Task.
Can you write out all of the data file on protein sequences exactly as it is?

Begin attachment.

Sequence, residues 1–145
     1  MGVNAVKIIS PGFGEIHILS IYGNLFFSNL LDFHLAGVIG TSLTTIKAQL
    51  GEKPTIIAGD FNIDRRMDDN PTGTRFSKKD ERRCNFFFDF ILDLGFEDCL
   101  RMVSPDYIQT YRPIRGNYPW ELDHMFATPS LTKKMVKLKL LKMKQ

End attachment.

Sequence, residues 1–145
     1  MGVNAVKIIS PGFGEIHILS IYGNLFFSNL LDFHLAGVIG TSLTTIKAQL
    51  GEKPTIIAGD FNIDRRMDDN PTGTRFSKKD ERRCNFFFDF ILDLGFEDCL
   101  RMVSPDYIQT YRPIRGNYPW ELDHMFATPS LTKKMVKLKL LKMKQ